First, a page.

A pedestrian wearing a face mask walks past a stock indicator displaying share prices of the Tokyo Stock Exchange in Tokyo on February 3, 2020.
BEHROUZ MEHRI | AFP via Getty Images
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Total confirmed cases: More than 79,400
Total deaths: At least 2,621
9:40 am: Dow drops more than 900 points
The Dow Jones Industrial Average plunged by more than 900 points in morning trading as the number of cases outside China surged, stoking fears of a prolonged global economic slowdown from the virus spreading. “I’ve now come to the view that equity markets, global equity markets, have to reprice to take into account or fully discount the dramatic economic impact that all of this is going to have,” Jonathan Pain, author of The Pain Report, told CNBC’s “Street Signs” on Monday morning in Asia. “I believe that repricing … has just started and I think it’s gonna be approximately 20% to 25% in the next month or so.” Pain said there isn’t “a letter in the alphabet which adequately describes the profile of the economic shock that … we’re beginning to see.” —Imbert, Huang
9:16 am: WHO holds press briefing
World Health Organization officials are holding a press conference at 9:30 a.m. ET to update the public on the outbreak. In the past week, the virus has spread substantially beyond China. It’s infected more than 220 people and killed five in Italy as of Monday morning. The majority of the cases are in the northern region of Lombardy and neighboring Veneto, where authorities have shut schools and banned public gatherings in an attempt to contain the virus. South Korea confirmed another 231 cases on Monday, bringing the total in the country to more than 830. The recent surge in cases prompted the South Korean government raise the COVID-19 alert to its highest level. Meanwhile, Iran health officials have confirmed 61 total cases in the country as of Monday, with 12 deaths nationwide. Most of the confirmed cases were found in the city of Qom. However, last week health ministry official Minou Mohrez warned about unconfirmed cases. Watch the live press conference here.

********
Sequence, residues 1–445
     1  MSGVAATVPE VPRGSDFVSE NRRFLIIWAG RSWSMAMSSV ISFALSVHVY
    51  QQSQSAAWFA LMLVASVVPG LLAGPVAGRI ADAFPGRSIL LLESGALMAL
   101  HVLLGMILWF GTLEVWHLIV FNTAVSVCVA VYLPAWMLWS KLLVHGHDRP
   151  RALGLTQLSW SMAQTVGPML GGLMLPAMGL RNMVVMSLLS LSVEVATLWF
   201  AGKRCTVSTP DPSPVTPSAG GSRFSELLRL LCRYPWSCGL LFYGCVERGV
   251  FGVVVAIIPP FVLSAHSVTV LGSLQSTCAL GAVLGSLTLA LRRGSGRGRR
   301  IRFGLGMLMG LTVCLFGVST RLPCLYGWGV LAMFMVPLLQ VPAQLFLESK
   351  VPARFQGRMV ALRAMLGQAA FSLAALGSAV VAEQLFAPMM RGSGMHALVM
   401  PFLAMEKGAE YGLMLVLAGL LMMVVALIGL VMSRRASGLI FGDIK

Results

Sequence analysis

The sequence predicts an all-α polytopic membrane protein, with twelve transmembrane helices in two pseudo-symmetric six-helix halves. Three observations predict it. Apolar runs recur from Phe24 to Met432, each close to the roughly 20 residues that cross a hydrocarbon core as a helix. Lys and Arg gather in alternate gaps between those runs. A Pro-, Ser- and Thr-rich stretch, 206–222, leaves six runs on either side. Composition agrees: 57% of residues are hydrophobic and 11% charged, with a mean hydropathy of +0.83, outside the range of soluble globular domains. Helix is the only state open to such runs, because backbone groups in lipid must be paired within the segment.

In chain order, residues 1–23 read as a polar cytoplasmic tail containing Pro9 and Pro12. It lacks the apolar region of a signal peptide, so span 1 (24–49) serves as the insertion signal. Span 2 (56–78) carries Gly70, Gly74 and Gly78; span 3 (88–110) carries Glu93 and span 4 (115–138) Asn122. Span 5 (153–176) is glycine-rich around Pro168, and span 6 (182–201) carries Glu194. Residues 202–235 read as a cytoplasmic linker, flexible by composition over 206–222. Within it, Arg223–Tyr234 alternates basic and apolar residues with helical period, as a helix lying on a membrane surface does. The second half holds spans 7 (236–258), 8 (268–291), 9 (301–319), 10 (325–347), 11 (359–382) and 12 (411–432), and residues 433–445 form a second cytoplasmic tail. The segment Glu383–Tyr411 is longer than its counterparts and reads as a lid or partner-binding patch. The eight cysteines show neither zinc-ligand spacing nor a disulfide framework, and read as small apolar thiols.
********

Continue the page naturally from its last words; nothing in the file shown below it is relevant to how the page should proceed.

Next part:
8:44 am: Fear spreads to Milan’s Fashion Week
Coronavirus fears spread to Milan, Italy’s financial hub, where the final two runway shows of Milan Fashion Week scheduled for Monday were canceled. While most fashion houses held shows as usual Sunday, Giorgio Armani and Laura Biagiotti presented their collections behind closed doors, streaming live for the fashion public. —Associated Press
8:07 am: Outbreak fears roil global markets
U.S. stock futures pointed to sharp declines on Wall Street before markets opened as the number of coronavirus cases outside China surged, stoking fears of a prolonged global economic slowdown from the virus spreading. As of 7:47 a.m. ET, Dow Jones Industrial Average futures were down 774 points, indicating a drop of 767 points at the open. S&P 500 and Nasdaq 100 futures were down by 2.5% and 2.8%, respectively. Futures pointed to the biggest one-day points drop for the Dow since August, when the 30-stock average slid 800 points. Stock markets around the world are selling off on Monday morning as spiking coronavirus cases in Italy, South Korea and the Middle East spark fears of further spread beyond China. South Korea’s Kospi index closed down 3.9% while Italy’s FTSE MIB plunged more than 900 points in early trading. The pan-European Stoxx 600 benchmark tumbled 3.5%, with Britain’s FTSE 100, France’s CAC 40 and Germany’s DAX all falling sharply. —Imbert, Huang, Smith
8:01 am: Ireland cautions against travel to coronavirus-hit areas of Italy